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Agnes Sanford: Apostle of Healing and First Theologian of the Charismatic Renewal, Part 1, by William L. De Arteaga

Ministry at Tilton Army Hospital

By the outset of World War II she was well read, well practiced in healing and strong in discernment. Mrs. Sanford volunteered for service as a Gray Lady at Tilton Army Hospital at Ft. Dix. Every week she would spend a full day there. Her assigned duties were to pass around a cart of comic books, magazines, candies and flowers for the wounded men in the hospital. It was strictly and absolutely forbidden to pray for the men. Soon however her compassion overcame her respect for the lawfulness of authority (Acts 4:18-22). Often she would place her hands underneath a copy of Life magazine (the largest magazine available) so that the authorities would not see what she was doing.

Agnes later came to see this period in her life as the most fruitful one in her healing ministry. God’s healing power flowed through her to an unusual degree, partly because there was no publicity and partly because war wounds were not associated with personal sin of the soldiers. Thus the healing power of God could flow without impediment from unresolved sin or unforgiveness. As she gained more confidence in this secret ministry, she began to teach the soldiers how to pray for themselves and one another. She had particular success in the “wet ward” where soldiers with infected wounds were often relegated to die slow deaths. Not long after she finished teaching the men to pray for one another, that ward was closed down with the soldiers discharged and healed.25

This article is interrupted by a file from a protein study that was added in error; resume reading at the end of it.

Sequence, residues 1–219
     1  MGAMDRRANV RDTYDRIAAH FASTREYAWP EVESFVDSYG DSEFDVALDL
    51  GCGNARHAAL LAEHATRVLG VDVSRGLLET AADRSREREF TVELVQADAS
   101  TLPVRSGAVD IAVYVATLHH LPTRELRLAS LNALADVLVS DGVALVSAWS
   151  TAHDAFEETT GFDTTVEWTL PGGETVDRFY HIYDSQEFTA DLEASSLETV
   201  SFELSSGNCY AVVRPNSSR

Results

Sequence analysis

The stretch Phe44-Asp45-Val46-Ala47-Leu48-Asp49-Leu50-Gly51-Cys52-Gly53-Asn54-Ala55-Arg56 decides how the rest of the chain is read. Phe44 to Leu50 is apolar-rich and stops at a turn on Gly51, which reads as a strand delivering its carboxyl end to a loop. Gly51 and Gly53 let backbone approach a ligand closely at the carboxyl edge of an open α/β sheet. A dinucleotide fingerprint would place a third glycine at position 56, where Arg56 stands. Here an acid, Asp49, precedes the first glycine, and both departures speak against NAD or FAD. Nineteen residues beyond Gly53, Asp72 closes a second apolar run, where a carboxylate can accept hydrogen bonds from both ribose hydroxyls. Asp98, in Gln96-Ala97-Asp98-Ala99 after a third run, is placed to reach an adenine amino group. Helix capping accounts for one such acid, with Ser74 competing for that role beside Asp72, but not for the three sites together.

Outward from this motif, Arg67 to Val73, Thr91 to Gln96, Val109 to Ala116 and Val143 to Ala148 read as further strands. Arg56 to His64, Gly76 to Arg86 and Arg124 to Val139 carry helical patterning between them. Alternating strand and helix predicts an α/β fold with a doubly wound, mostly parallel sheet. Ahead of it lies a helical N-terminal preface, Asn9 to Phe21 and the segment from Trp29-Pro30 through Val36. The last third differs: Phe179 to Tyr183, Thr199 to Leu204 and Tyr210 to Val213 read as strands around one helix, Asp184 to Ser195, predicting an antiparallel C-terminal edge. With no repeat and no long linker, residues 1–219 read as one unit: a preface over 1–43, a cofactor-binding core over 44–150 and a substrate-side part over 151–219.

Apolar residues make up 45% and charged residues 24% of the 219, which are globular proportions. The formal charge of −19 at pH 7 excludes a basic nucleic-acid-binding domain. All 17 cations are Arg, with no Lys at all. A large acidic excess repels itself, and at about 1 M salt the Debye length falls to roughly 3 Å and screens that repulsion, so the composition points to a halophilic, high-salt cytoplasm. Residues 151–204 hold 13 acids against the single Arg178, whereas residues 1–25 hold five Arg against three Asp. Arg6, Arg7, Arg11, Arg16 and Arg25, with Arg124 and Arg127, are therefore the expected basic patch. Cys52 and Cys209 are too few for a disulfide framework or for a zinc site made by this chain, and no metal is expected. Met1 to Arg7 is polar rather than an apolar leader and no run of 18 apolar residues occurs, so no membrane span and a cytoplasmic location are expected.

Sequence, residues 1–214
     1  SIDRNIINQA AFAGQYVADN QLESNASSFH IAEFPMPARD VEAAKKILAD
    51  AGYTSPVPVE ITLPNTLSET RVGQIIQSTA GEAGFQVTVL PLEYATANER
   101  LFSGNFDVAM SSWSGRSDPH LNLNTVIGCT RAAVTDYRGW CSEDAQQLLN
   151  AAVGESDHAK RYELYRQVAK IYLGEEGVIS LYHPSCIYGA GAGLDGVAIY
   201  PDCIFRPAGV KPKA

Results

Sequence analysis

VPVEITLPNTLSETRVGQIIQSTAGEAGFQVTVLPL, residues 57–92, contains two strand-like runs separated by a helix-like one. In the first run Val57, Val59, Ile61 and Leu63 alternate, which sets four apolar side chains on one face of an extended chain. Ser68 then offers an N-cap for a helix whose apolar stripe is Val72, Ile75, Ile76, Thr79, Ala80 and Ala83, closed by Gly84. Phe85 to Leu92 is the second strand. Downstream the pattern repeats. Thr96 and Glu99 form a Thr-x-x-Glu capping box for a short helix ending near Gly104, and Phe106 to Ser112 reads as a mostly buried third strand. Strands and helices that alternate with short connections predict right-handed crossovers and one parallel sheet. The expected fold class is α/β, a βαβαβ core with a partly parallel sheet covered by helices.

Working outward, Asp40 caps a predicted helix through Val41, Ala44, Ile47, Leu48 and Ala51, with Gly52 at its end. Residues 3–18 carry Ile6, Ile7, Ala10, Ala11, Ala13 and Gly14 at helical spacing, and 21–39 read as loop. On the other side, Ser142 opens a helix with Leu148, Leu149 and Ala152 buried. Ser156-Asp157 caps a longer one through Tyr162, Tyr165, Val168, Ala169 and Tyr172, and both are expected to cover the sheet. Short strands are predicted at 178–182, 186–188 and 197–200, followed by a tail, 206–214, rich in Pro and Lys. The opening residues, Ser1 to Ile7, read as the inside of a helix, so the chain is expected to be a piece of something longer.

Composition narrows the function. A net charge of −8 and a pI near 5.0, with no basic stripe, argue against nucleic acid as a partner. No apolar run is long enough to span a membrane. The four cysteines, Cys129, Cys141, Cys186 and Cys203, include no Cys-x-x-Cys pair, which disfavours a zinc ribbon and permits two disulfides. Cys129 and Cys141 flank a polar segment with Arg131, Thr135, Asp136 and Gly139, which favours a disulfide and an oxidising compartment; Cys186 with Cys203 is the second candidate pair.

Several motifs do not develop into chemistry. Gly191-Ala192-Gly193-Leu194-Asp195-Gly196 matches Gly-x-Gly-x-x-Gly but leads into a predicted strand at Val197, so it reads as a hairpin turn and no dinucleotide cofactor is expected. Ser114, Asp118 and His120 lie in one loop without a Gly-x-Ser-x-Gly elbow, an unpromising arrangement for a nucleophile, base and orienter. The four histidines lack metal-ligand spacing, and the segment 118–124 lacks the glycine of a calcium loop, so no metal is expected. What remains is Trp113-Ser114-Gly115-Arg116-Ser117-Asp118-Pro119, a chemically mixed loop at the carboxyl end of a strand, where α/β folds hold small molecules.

Just after the war ended Agnes was caught in the very act of praying for a soldier! She was brought to her supervisor, a dedicated, orthodox Christian woman, who tongue lashed her as a dangerous heretic and witch, and dismissed her. Agnes was shaken and hurt by this, but understood that she needed to forgive the nurse or her healing ministry would be weakened. The Lord turned evil into good. Agnes then had time to return to her writing, and she wrote a best-selling novel about her experiences at Tilton Army Hospital, Oh, Watchman!26 She also continued a busy schedule of appearances at church healing missions and lectures.

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Category: Church History, Pneuma Review, Spring 2006

About the Author: William L. De Arteaga, Ph.D., is known internationally as a Christian historian and expert on revivals and the rebirth and renewal of the Christian healing movement. His major works include Quenching the Spirit: Discover the Real Spirit Behind the Charismatic Controversy (Creation House, 1992, 1996), Forgotten Power: The Significance of the Lord’s Supper in Revival (Zondervan, 2002), Agnes Sanford and Her Companions: The Assault on Cessationism and the Coming of the Charismatic Renewal (Wipf & Stock, 2015), and The Public Prayer Station: Taking Healing Prayer to the Streets and Evangelizing the Nones (Emeth Press, 2018). Bill pastored two Hispanic Anglican congregations in the Marietta, Georgia area, and is semi-retired. He continues in his healing, teaching and writing ministry and is the state chaplain of the Order of St. Luke, encouraging the ministry of healing in all Christian denominations. Facebook

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